Moʿin Moṣavver | Individual Drawings and Paintings
Shah ʿAbbās I (probably) Meeting with an Uzbeg
Location: Los Angeles County Museum of Art, M.73.5.469, the Nasli Heeramoneck Collection, gift of Joan Palevsky.
Pen and ink drawing with gold and color washes on paper. (W x H) 10.2 x 8.7 cm.
Signature: Unsigned but dated 148/1638.
Diagonally at the top: . . . ruz-e . . . [panj šan]ba hejdahom-e šahr-e ṣafar ḥatm bālḥer va alẓafar sana 148 in majles (?) ba etmām rasid.
Translation: “This group was completed on Thursday the eighteenth of the month of Ṣafar in the year 148 / 1 July 1638.” The beginning of the inscription has been trimmed in mounting, with the resulting loss of at least one word. In all probability the inscription originally read panj šanba (Thursday), not simply šanba (Saturday) as presently. The inscription is not signed.
Three figures are represented. Kneeling at the right is the main personage, alternatively identified as Shah Shah ʿAbbās I, or his successor Shah Ṣafi I. He is portrayed in his late thirties, with a broad black mustache, turban, and a long robe with long sleeves and an open collar. The shah looks intently toward the left at another dignitary seated facing him, near the center of the composition, with whom he is engaged in conversation. This dignitary is perhaps an Uzbeg; he wears a turban with a conical kolāh, and a long robe with a sash, and sports a neatly trimmed beard and mustache; his hands are withdrawn inside his sleeves leaving the empty cuffs dangling from his lap. A guard, or servant, drawn in lighter lines, stands erectly on the far left. Portrayed with a long beard and wrinkled brow, the attendant is clad similarly to the center figure, and repeats the gesture of withdrawing his hands inside his sleeves.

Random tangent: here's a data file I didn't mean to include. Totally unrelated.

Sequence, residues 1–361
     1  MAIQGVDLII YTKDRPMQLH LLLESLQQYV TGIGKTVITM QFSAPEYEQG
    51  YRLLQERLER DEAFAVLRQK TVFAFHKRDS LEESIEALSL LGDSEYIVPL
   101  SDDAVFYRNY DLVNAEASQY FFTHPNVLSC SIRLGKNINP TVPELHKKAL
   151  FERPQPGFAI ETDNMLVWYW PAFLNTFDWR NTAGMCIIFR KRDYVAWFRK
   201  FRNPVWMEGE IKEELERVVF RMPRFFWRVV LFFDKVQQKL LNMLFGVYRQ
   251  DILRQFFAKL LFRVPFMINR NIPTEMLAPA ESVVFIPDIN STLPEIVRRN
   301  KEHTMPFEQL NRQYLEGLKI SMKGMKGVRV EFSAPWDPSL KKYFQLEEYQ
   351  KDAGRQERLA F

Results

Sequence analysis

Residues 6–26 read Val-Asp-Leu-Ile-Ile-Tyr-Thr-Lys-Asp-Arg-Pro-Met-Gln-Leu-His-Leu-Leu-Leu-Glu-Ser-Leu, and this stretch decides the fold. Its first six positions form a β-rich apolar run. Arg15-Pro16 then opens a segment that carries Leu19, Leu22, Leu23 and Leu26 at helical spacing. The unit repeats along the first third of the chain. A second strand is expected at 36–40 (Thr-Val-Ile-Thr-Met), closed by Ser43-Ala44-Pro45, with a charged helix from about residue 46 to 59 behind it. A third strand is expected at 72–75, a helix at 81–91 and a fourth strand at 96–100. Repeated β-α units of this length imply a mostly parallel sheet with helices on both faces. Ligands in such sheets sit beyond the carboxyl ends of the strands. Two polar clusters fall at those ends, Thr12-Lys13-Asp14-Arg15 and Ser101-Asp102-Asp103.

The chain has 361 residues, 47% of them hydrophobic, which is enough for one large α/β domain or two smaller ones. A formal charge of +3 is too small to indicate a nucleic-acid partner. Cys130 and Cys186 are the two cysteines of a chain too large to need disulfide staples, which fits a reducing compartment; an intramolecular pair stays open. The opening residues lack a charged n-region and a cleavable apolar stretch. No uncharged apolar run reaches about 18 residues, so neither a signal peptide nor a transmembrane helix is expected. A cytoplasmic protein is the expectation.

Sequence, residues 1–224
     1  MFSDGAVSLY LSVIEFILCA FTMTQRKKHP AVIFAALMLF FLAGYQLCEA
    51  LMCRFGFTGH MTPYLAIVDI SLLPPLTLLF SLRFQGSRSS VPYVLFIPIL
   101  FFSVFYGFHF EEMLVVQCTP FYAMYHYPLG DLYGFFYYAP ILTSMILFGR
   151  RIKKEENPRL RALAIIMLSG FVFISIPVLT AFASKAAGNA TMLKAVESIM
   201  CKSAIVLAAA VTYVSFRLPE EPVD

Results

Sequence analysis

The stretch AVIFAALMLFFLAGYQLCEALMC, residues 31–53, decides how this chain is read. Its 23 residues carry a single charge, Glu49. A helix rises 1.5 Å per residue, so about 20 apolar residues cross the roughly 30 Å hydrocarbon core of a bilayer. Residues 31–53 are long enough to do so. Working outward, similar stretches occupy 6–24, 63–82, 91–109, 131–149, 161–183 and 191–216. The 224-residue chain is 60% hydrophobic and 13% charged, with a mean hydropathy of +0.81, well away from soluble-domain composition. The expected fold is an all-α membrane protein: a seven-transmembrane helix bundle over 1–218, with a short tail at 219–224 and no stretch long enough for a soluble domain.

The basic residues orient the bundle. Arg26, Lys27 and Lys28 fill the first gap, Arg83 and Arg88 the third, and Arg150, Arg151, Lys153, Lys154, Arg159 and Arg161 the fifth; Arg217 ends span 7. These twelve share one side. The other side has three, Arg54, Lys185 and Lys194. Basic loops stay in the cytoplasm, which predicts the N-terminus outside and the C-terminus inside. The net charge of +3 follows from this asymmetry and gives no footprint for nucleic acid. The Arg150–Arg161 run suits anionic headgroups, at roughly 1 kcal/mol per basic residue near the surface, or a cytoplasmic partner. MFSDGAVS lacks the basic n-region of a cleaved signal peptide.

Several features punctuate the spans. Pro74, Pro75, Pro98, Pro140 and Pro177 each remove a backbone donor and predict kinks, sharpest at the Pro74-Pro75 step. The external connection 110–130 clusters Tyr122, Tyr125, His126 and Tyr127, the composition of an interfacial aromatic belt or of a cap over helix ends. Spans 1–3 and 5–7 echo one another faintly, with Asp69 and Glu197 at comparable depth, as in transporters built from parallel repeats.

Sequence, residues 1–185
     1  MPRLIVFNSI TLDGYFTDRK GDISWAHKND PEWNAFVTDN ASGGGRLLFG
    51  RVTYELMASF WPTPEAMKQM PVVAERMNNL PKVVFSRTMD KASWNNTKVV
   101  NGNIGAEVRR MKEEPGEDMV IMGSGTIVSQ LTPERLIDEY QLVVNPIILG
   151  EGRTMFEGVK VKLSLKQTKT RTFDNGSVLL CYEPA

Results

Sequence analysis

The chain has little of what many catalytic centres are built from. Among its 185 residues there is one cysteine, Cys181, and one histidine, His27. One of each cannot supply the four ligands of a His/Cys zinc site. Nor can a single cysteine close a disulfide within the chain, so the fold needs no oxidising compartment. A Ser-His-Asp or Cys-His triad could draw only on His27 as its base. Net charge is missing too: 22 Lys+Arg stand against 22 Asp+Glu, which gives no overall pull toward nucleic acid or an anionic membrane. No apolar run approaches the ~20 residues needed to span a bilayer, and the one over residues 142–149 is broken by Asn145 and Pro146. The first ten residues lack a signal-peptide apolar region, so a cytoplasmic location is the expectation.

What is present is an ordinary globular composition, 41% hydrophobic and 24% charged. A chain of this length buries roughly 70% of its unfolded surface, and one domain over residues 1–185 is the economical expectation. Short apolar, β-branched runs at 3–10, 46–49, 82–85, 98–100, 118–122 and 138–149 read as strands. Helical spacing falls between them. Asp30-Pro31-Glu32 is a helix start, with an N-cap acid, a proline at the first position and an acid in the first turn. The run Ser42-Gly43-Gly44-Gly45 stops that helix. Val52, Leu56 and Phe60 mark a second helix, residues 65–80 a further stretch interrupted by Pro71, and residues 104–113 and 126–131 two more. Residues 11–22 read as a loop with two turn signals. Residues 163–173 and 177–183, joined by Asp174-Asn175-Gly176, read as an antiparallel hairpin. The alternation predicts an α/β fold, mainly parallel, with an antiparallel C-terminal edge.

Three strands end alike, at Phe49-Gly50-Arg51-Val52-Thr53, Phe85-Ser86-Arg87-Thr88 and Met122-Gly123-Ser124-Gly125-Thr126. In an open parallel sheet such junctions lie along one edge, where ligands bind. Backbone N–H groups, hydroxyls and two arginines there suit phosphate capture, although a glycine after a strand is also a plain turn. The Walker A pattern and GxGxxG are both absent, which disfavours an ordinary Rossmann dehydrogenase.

Pal, LA_1973, pp.136-37, no.239.
The depiction of the shah is identical to his portrayal on the previous miniature (no. 1638.3), which is dated only one day earlier. Please refer to 1638.3 for additional comments which equally apply to this miniature. The style appears to be that of Moʿin Moṣavver, and the inscription, although unsigned, could be Moʿin’s hand. Altogether, an attribution to Mo¯in appears plausible, and there seems to be no reason to dispute the date of 1638 recorded on the miniature.
Photo courtesy of The Los Angeles County Museum of Art, The Nasli M. Heeramaneck Collection, gift of Joan Palevsky. Copyright © Los Angeles County Museum of Art.
Last Updated: February 20, 2018 | Originally published: February 20, 2018